[aprssig] of interest to IGate client authors?

Jim Alles kb3tbx at gmail.com
Fri Nov 25 23:53:58 CST 2016


​​
Thanks to each of you that helped me get this far...

I may have found something that pertains to the 'race condition' that some
operators have perceived, in relation to RX only IGates.

This test, from http://www.aprs-is.net/IGateDetails.aspx:
"the receiving station has not been heard via the Internet within a
predefined time period."
seems to have lost it's context.

It originally was found in
http://www.aprs-is.net/downloads/javaprssrvr/IGateUsersGuide.pdf as:
Section 1 - Introduction

APRS IGate was written to provide the amateur radio APRS community a
simple, but effective IGate. It does not have a GUI as it is an adjunct to
javAPRSSrvr. It does, however, provide most features desired in an APRS
IGate:


   -

   Gate messages to stations on RF based on the receiving station's
   distance computed by number of digipeater hops.
   -

   Prevent gating messages to RF if the "from" station has been heard
   directly (not via an IGate) on RF or the "to" station has been heard
   directly on APRS-IS (also not via an IGate).


It appears to me that if the former rule above is applied literally and too
broadly, then only the first IGate hearing the destination station has a
chance of transmitting. And of, course if the closest IGate is RX-only, the
message wouldn't get transmitted by any client that incorrectly applies
this test. Closest, though, not meaning distance, but the number of RF hops
and/or number of Internet router hops. Of course, the issue is latency, not
speed and this is all rather random, not something to base decisions on and
expect to get reliable messaging.

My own understanding now is that ALL IGates that have heard a station will
get messages destined for that station, along with packets from that heard
station, all "heard via the Internet" at about the same time. That alone is
not reason to deny transmission. ALL IGates may transmit that message to
RF, and should if the destination station is determined to be local by the
IGate client.

With this one specific exception:

If I read the original intent from the *IGate User Guide* properly, this
test was used to minimize RF transmission to an IGate that is beaconing on
RF, was heard by another IGate in earshot (hops or not), and has an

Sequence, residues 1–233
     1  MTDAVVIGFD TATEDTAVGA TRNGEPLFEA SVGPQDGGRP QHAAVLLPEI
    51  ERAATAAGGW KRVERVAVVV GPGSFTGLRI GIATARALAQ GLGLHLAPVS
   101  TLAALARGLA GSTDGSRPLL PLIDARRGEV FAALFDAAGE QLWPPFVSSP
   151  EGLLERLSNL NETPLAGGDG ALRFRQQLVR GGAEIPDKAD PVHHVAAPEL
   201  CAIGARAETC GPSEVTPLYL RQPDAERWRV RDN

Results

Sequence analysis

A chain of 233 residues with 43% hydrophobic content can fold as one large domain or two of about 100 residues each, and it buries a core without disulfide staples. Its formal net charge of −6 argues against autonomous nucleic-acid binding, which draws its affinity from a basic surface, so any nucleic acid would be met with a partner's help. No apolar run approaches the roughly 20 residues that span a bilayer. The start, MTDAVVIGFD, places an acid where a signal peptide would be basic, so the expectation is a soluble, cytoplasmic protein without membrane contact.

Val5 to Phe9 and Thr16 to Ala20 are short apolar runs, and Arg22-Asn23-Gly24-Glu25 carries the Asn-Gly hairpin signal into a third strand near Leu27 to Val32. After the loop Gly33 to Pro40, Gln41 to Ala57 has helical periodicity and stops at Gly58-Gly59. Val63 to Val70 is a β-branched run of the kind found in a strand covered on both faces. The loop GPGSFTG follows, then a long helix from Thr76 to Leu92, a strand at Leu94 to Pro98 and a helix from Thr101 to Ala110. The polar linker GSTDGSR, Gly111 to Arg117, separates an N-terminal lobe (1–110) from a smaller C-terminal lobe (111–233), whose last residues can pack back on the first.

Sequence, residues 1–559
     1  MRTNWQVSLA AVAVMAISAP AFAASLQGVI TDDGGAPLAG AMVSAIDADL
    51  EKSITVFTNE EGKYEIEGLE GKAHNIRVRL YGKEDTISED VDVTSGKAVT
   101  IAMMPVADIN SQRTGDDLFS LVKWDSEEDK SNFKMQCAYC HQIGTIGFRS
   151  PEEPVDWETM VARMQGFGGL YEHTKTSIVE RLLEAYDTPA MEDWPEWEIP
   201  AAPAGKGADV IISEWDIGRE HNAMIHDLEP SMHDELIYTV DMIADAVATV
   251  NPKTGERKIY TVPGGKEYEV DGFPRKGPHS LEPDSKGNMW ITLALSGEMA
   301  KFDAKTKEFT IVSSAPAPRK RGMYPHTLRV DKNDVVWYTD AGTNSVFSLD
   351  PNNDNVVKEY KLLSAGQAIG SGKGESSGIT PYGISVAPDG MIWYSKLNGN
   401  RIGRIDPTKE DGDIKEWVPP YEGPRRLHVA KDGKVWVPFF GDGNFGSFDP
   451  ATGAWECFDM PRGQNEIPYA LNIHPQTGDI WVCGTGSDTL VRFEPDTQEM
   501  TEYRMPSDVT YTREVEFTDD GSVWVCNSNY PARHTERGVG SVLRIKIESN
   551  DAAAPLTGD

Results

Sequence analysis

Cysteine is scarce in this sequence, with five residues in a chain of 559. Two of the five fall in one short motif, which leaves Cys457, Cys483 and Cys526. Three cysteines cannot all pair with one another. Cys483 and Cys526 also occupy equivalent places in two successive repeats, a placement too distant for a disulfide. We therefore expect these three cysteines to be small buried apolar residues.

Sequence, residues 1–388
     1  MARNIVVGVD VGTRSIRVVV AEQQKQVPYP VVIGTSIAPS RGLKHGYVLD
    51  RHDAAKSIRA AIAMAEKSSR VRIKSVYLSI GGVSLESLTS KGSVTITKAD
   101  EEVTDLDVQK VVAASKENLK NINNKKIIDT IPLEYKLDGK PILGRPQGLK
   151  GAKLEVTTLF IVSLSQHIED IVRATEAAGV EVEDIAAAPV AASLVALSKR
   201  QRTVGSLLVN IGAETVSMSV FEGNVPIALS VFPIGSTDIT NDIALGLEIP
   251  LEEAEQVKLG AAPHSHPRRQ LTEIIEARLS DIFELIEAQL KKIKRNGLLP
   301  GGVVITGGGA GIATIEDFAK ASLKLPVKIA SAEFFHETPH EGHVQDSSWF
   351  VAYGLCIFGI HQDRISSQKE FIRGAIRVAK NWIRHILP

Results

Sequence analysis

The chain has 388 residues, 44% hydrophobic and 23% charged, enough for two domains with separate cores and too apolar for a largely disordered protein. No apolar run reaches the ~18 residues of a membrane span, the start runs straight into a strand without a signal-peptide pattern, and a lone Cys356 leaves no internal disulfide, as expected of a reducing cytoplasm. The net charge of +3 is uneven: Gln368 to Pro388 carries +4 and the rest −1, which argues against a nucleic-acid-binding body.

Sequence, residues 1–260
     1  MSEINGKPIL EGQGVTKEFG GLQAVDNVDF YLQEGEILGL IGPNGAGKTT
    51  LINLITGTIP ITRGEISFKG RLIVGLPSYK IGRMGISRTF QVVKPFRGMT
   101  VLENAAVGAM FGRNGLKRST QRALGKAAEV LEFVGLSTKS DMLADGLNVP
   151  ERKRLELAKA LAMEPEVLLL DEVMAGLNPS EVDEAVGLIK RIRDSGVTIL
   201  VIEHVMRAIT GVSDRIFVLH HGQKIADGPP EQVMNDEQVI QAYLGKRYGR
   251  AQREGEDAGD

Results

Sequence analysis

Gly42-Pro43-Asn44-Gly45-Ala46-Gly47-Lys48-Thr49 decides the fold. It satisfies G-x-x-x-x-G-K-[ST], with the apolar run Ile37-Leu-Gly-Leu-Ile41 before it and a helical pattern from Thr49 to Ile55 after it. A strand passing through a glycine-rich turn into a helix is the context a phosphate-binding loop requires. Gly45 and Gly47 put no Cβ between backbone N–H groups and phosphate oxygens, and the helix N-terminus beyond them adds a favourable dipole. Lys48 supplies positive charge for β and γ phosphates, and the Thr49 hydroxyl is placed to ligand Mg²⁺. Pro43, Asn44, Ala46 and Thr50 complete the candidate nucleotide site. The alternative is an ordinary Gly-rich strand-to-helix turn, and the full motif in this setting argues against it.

incoming message. There is no need for the other IGate to transmit it,
because the destination station will get the message from the Internet just
fine.

Another operational concern is interpretation of whether it just the
callsign or the CALL+SSID that is used in the test at the IGate client,
since we now have mobile devices that are only heard on the Internet, while
the same operator may be running a transceiver with a different SSID. They
should both get each others message, regardless that the Internet connected
device is not RF.

I cannot tell if the change in language was intentional. I certainly have
no idea how it has been implemented in all the various client software
packages. I have gotten clarification from Pete Loveall how it should work
in a recent conversation, without realizing it at first - thanks for taking
the time!.

Therefore, I would re-word this:
An exclusion from transmitting to RF should only be applied to message
destination stations (generally IGates) that have been 'heard' with the
specific SSID via a direct TCP-IP connection to the APRS-IS, with no
evidence of an RF PATH involved.

If a message is destined for a Internet-only client, and an RF station with
the same callsign is heard elsewhere, the RF remote should also get a copy
of the message, due to the common callsign.

Thanks for your attention to this, and forgive me if I am reading too much
into it! It is just one of those areas that I think would benefit from
being a lot more specific with the language being used.

73,
Jim A.
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